Bulgaria Ex-Justice Min Warns of Chief Prosecutor's 'Excessive Power'
Only reforms coordinated with the Chief Prosecutor can be carried out in Bulgaria, former Justice Minister Hristo Ivanov has said.
Ivanov, who on Wednesday stepped down after Parliament approved an amended version of his reform proposals, commented in an interview with private NOVA TV station on Thursday on the motives that had prompted him to step down.
In his words, "[Prime Minister] Mr Borisov always got it straight with me that only things coordinated with [Chief Prosecutor] Sotir Tsatsarov will be done."
After the "historic compromise" earlier this autumn, with an overwhelming majority of 180 MPs approving proposlas for consitutional reform, "what happened was what Tsatsarov wanted," he argued.
He stepped down just after Bulgarian lawmakers passed judicial reform proposals on Thursday, diviging the Supreme Judicial Council (VSS) into two colleges, one for judges and one for prosecutors, and changing voting procedures.
Some of the proposed changes were later revised, amending sections that referred to the number of magistrates and prosecutors and their respective "political" (appointed by Parliament) and "professional" (appointed by the VSS) quotas.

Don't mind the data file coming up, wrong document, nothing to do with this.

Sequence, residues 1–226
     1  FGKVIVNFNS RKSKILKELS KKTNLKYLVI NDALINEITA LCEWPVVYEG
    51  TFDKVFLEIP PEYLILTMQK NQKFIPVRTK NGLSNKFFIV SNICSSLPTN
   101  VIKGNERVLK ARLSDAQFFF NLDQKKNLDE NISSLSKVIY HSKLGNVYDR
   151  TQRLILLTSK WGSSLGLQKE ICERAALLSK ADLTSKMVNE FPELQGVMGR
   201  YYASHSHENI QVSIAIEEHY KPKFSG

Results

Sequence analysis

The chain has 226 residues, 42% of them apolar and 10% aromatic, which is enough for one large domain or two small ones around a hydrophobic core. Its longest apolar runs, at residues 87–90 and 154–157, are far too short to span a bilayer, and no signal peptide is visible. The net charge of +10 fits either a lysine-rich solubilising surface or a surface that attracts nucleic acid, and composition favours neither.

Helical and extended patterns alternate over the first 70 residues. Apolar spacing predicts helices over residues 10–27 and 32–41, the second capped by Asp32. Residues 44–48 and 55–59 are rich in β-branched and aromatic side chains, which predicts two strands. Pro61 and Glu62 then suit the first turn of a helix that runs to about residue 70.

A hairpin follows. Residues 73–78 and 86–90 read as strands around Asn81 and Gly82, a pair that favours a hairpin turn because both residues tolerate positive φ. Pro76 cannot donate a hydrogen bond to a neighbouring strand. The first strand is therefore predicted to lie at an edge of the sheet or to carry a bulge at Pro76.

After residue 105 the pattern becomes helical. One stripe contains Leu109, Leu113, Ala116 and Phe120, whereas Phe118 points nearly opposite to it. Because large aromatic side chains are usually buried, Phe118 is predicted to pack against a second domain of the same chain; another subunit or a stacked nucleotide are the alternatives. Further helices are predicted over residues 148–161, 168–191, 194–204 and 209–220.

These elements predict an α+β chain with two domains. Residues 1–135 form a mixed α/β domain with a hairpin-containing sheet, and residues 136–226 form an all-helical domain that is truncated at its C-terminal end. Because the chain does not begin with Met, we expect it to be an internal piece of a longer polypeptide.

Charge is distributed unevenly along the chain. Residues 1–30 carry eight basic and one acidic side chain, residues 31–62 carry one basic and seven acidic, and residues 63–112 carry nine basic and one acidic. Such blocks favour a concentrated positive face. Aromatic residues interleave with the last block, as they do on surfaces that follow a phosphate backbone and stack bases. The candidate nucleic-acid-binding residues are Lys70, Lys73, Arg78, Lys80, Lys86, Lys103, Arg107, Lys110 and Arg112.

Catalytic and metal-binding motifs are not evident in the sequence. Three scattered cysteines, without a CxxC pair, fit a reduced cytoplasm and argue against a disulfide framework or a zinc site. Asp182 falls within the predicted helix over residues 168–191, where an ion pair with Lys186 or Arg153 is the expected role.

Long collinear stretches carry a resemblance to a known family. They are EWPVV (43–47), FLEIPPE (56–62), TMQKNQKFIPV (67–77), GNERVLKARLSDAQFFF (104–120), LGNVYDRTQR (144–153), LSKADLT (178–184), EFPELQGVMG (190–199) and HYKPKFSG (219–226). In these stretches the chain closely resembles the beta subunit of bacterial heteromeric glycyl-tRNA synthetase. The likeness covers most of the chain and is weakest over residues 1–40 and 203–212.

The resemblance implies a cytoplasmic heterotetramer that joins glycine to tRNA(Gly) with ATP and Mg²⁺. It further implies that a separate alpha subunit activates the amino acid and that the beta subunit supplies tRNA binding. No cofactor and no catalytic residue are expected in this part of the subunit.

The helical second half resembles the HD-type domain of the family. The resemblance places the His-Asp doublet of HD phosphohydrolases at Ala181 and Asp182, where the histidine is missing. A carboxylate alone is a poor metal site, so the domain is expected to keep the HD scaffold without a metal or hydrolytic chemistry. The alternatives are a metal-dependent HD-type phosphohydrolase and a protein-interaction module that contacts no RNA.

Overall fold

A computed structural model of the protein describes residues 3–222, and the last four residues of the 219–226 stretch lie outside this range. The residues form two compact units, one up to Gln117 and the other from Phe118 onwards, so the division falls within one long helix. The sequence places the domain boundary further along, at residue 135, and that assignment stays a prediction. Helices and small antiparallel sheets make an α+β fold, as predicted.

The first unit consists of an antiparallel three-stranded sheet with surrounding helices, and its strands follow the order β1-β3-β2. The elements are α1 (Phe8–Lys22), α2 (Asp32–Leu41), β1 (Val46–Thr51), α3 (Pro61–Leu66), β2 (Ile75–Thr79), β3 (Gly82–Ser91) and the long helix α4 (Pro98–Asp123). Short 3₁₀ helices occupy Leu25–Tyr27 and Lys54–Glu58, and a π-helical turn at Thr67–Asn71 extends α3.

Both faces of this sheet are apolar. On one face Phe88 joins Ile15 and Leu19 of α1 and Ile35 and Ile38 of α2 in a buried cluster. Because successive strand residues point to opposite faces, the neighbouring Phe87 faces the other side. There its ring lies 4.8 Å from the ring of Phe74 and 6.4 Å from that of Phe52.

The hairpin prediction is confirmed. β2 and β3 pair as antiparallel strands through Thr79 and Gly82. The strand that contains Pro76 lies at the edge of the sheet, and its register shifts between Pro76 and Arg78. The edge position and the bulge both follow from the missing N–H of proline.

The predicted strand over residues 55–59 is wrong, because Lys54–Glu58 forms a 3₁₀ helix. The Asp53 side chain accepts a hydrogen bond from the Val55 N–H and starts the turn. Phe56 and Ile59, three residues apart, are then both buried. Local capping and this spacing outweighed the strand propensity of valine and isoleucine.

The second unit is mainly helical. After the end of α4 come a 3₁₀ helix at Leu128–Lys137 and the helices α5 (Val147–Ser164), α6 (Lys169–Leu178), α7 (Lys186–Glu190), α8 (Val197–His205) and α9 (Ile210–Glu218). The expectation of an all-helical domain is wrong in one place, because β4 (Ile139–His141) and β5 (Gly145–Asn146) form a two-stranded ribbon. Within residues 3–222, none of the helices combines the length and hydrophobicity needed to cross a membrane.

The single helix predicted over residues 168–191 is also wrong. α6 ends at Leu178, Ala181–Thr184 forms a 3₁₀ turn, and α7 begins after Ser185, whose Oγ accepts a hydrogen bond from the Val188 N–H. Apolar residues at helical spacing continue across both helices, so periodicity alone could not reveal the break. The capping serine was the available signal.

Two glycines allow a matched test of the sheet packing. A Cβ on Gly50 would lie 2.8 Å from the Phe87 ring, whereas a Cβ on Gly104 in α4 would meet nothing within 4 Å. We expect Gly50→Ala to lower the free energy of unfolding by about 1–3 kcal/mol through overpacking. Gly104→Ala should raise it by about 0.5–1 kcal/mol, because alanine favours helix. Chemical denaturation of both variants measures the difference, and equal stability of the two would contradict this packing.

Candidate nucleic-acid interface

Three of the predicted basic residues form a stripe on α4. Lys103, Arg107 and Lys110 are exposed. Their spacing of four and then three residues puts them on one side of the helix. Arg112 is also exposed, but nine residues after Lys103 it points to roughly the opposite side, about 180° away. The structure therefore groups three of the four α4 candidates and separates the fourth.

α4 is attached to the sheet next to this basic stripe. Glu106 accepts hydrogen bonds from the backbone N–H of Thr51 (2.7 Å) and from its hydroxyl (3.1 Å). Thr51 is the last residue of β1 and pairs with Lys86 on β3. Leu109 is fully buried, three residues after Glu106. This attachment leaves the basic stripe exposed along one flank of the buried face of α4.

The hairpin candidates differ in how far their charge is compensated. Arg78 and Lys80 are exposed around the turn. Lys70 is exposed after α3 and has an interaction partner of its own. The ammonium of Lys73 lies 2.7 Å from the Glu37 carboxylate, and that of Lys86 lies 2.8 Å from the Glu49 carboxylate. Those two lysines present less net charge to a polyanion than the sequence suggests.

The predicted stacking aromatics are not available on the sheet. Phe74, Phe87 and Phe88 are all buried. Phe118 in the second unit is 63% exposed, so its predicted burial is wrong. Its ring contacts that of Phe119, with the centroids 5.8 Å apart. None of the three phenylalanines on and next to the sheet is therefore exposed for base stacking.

Ivanov, however, opined that it was "obvious in Bulgaria when the Chief Prosecutor could change Parliament's [mind] this way so that his wish turns into law".
He also said his resignation had been "completely predictable."
"From the very first day I clearly stated I am coming with my team for specific tasks and will remain in office until the day they can be carried out," he added.
- » Emergency Measures: Video Recorders and Seat Belts in the Public Transport
- » Bulgarian PM Calls an Extraordinary Meeting due to the Car Crashes Near Lovech
- » Municipalityof Pernik Will Organize the Transport of the Victims of the Severe Catastrophe Near Lovech
- » MPs Chose Tsveta Karayancheva as the New Parliament Speaker
- » Speaker of the National Assembly Dimitar Glavchev Resigned
- » 402 Cases of Violence Against Children and 39 Cases of Violence Against Teachers in 2017